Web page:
"I don't think we do enough to support people who work in comms across the NHS," said Tiernan, who will leave his role to take up a new job as director of comms at the London Ambulance Service in August.
He set up NHScommsorg several years ago as a "way to support NHS communicators". The organisation now has a Facebook group with 1,200 members and about 7,500 followers on Twitter.
The unofficial network is "just an easy way for people to connect and share best practice", according to Tiernan. "If you work in some of the other professions, whether you are the medical director or the nursing director or whatever, there's a lot of support out there for them, for their professions; I don't think we have that for comms people."
He made his remarks during an appearance on a new podcast by NHS Elect, the health service’s training and resources arm, earlier this month.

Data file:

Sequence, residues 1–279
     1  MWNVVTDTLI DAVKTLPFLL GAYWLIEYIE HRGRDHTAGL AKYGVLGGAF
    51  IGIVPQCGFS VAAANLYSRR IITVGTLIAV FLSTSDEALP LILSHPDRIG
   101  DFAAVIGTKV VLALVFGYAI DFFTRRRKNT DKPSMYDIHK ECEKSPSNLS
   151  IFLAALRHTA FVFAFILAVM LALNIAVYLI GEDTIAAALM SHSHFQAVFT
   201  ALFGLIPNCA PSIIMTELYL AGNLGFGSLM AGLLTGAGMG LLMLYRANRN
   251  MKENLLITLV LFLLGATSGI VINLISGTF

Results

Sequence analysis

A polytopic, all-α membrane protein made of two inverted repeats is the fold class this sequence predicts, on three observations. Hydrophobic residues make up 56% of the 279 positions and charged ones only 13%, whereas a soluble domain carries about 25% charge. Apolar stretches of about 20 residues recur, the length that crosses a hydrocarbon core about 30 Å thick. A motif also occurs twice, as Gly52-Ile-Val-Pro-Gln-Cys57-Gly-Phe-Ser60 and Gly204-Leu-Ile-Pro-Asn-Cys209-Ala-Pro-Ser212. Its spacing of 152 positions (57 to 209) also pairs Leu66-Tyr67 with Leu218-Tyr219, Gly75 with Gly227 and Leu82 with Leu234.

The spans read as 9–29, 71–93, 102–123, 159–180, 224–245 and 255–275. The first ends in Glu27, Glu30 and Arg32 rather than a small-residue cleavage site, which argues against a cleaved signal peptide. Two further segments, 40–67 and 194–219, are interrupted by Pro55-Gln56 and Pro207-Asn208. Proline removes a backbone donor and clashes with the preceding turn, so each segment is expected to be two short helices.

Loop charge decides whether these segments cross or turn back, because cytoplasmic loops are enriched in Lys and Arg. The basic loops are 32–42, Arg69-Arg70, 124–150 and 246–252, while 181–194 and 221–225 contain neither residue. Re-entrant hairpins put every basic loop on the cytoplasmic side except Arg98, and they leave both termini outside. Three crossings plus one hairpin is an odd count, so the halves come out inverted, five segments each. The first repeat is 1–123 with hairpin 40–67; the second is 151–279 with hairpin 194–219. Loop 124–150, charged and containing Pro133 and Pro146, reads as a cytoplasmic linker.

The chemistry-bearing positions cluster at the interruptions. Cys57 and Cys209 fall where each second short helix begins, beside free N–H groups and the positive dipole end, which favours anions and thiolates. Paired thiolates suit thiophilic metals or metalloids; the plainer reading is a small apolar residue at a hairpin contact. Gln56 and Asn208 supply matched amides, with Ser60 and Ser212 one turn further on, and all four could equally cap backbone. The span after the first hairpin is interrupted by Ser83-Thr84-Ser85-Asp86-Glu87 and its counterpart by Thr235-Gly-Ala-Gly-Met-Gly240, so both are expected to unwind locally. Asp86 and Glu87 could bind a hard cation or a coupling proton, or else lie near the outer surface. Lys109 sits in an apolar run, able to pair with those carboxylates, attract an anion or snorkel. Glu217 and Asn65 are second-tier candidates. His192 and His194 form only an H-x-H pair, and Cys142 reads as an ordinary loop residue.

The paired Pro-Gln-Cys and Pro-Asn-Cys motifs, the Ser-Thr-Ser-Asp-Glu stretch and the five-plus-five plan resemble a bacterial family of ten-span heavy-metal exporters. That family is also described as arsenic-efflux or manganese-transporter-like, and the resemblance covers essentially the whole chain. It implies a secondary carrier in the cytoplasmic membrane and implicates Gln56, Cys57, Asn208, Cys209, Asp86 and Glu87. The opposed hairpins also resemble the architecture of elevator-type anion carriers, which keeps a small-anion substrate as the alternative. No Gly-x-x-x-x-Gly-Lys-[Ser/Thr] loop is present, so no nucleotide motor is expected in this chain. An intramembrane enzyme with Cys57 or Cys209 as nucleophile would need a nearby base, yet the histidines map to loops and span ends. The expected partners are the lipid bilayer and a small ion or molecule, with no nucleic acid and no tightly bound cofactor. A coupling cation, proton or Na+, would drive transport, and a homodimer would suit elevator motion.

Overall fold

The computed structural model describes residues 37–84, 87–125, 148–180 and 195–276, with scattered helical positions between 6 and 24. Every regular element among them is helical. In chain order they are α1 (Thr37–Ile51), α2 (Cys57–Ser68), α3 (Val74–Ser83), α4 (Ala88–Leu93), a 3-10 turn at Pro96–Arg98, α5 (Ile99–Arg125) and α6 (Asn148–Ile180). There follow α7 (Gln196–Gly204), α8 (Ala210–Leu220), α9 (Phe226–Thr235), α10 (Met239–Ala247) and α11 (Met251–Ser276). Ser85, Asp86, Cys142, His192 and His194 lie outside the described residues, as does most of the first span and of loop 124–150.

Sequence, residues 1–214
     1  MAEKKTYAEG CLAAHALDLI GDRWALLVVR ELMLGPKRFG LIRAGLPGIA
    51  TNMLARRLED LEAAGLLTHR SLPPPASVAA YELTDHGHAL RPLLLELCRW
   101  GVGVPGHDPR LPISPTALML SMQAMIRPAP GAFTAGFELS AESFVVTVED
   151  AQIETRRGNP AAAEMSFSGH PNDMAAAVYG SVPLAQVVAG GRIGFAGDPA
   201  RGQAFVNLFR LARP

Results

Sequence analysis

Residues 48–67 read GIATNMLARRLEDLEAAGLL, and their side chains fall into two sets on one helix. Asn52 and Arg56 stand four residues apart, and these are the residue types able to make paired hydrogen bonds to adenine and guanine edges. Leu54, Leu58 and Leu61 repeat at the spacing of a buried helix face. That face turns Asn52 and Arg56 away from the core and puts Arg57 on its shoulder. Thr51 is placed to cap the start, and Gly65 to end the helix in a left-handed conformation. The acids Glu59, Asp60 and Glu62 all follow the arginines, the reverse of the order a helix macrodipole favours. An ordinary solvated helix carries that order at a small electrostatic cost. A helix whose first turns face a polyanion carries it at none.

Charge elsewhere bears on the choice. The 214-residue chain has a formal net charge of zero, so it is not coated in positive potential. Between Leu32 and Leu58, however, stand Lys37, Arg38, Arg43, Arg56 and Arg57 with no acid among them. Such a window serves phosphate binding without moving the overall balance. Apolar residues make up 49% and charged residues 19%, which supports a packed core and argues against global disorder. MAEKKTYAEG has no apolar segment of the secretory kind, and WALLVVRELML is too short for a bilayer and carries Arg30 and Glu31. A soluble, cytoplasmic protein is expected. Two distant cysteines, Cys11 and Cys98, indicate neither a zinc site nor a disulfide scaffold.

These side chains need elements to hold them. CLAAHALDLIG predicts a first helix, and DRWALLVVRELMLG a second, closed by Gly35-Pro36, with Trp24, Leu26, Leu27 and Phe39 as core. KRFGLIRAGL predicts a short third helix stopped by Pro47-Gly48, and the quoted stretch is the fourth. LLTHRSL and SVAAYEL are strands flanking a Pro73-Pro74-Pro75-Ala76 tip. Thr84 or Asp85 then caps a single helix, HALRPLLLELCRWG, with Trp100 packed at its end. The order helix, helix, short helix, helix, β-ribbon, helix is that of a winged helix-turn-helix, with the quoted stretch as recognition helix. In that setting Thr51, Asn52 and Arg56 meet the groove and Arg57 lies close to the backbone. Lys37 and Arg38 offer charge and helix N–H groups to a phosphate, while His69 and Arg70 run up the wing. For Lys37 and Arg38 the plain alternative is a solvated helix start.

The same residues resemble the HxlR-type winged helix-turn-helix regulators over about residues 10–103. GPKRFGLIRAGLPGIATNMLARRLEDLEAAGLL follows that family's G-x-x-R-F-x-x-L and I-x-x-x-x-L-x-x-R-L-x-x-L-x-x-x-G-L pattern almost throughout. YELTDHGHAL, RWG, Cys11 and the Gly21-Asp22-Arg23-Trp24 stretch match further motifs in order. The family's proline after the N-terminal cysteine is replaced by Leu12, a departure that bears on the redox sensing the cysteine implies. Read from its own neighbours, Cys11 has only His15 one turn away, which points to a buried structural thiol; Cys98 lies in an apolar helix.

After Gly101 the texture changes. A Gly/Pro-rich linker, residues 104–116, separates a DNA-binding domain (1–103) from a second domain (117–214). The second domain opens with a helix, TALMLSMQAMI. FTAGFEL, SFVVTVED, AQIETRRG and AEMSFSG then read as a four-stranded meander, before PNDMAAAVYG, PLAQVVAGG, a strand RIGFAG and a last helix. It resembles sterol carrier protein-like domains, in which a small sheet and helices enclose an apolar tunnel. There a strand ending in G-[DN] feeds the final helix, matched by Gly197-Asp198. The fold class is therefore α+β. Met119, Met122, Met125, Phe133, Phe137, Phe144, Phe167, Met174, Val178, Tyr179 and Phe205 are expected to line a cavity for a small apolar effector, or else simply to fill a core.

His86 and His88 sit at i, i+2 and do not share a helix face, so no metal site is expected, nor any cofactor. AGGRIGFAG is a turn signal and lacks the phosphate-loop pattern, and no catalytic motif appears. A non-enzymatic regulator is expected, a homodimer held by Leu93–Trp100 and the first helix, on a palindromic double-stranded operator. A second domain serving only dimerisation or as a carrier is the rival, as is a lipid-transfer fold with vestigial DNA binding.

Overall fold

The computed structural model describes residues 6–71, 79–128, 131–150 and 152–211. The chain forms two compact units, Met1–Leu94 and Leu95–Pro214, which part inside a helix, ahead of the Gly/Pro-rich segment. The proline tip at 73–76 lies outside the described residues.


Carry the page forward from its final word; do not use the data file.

Don't create apps for the sake of it
The comms chief also commented on the increasing popularity of apps, warning that people should take care not to duplicate time and effort by creating their own apps.
"We just need to be really careful about how much money we are spending and how much time is put into that because there are apps out there," he said.
"If you look at the NHS apps library – if something is already there, why would you want to create your own? I know it's lovely to have your own hospital logo or whatever it is on it, and maybe you do localise it a bit, but just think about how much time and money you’re spending and whether in the long term you can sustain it."
When it comes to social-media platforms such as Facebook, whose reputations have been damaged by 'fake news' scandals, NHS organisations have "a part to play" in rebuilding trust, Tiernan argued.
"The last thing we want is for people leaving in their droves from these platforms… we want to use them when we want to talk to people."
He added: "We can help by being good users of these platforms and telling good stories," stressing the importance of "quality over content."
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